What the f8ck did anyone think was going to happen?  This was a recipe for disaster from the start.  She gets the ambitious/absurd idea of jamming some feminist ideology into a super hero comic book, in the middle of the most unpleasant presidential campaign in over a century.  People are at each others throats all over the place and then in one medium that they may think they are safe from politics, a Marvel super hero book, people looking for an escape, are blindsided with some political mumbo jumbo.

Imagine if you will, some comic book writer taking up one of her titles and filling it with super powered battles with cars being thrown around and people shooting lasers out of their eyes. With absurd dialogue and instance after instance of onomatopoeia.

I imagine that would go over poorley.

Whatever high minded ideas she had, and they may have been insightful and well written, I assume they were…that is the 100% wrong outlet for them.  let’s be honest, this is the genera of giant gravity defying boobs in spandex.

Here’s the cover of the first issue…


…what do we got here?  We got a car crash, some rockets, speed boats, an explosion, some fist fights.  I’m looking at this and going “oh, yeah…this books really gonna make you think, gonna delve into a buncha cultural insight I bet.”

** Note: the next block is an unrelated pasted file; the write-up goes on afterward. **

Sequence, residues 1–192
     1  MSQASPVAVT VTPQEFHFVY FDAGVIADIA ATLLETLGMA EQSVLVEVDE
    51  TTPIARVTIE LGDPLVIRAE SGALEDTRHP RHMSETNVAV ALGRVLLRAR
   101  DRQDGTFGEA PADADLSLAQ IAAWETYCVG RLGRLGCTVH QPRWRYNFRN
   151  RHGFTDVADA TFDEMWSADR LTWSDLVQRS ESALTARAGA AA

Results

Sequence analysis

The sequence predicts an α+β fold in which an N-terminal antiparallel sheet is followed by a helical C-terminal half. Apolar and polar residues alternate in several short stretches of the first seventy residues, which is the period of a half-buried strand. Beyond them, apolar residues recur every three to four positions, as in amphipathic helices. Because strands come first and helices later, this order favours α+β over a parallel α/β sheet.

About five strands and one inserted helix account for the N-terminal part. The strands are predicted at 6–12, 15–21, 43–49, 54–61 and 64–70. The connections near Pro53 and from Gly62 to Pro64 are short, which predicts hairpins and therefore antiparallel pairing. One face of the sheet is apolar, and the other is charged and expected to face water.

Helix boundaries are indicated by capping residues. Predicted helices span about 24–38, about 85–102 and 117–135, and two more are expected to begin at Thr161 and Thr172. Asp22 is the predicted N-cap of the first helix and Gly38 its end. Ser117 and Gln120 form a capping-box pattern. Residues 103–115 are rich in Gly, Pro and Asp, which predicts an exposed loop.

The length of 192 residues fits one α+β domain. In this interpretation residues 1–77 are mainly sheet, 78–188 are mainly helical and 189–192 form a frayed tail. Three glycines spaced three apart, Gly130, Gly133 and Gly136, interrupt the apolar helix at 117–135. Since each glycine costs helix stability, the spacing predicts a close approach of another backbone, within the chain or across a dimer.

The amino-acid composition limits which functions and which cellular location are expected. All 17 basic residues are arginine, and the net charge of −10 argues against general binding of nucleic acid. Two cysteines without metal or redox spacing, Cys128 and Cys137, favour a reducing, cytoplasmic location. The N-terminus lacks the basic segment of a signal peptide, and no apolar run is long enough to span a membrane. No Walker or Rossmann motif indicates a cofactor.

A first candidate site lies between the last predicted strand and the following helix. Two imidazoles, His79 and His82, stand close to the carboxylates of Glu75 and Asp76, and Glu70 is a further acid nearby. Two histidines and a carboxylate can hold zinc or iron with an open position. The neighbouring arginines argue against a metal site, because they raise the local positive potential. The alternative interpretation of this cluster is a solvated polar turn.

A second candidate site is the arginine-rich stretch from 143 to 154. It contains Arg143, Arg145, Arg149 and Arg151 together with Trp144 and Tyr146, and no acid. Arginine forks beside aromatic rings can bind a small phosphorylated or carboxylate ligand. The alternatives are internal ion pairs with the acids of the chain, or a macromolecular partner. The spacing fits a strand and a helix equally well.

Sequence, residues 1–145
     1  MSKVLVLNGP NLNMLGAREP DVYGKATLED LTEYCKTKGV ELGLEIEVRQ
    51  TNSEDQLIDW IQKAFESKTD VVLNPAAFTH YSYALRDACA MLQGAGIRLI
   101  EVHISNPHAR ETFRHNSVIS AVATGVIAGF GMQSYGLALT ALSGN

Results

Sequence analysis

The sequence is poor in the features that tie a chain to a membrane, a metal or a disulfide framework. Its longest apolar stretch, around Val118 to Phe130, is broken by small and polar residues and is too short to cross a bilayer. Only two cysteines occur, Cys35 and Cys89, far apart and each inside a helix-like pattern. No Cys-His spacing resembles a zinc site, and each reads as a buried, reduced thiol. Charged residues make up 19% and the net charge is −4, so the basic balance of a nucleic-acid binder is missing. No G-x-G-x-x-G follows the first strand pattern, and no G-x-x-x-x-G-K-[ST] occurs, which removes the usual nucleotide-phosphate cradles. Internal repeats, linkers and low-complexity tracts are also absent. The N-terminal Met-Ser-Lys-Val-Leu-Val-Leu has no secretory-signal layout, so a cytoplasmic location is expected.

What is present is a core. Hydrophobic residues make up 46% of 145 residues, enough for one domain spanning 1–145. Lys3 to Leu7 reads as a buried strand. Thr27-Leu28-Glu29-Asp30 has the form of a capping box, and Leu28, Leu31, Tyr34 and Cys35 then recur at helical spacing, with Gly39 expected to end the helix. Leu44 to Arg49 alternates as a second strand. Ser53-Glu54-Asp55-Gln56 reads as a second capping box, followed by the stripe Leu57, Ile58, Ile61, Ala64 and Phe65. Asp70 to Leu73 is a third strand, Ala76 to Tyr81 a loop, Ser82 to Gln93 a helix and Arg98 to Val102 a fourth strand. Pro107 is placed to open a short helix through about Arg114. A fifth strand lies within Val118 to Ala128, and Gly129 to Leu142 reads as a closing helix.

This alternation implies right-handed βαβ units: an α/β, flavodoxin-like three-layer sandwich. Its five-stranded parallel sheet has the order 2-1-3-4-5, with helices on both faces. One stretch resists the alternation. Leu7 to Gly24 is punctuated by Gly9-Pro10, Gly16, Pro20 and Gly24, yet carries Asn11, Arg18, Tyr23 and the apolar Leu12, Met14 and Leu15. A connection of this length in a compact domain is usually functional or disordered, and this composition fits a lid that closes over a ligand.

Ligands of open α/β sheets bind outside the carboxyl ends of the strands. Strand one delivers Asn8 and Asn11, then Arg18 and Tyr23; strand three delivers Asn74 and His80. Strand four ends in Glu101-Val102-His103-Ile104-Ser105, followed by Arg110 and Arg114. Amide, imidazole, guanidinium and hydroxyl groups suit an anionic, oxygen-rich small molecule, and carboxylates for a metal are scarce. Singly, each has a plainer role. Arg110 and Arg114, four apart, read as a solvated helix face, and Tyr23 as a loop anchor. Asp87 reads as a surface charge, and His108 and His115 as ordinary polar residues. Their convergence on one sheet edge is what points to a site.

This is like someone going to a comedy club in the Bronx on a Saturday night and singing show tunes, and then getting pissed off that they were booed and had a beer bottle chucked on at the stage…yeah, no sh*t they chucked a beer bottle at you, they are drunks at a comedy club in the Bronx at 2am.  They showed up for dick jokes and to try to f*ck the waitress, not to hear you sing the theme from Cats.  I don’t know much about Mockingbird, because I haven’t followed a Marvel Comic since I was in high school.  As far as I remember she died.  It was in some issue of West Coast Avengers, she got shot in the back with a fireball from Mephisto, and I’m pretty sure in that same issue she was in hell and fought the ghost of Lizzie Boarden. … You read that right, were talking about a character who fought the Devil and Lizzie Boarden’s ghost with metal sticks while dressed in spandex…does that sound like a good genre to insert high minded political content?

The jist of all the articles is -this is why we can’t have nice things. Chastising people who didn’t like the book, making them out to be dullards who can’t handle mentally challenging stuff.…that’s not the problem.  The problem is this is where they go to avoid mentally challenging stuff. There are times when you want mentally challenging stuff, and times you just want to see super heroes punch each other.  The standards of what to expect out of a marvel superhero book have been cut and dried decades ago, so their expectations are not what is inappropriate here.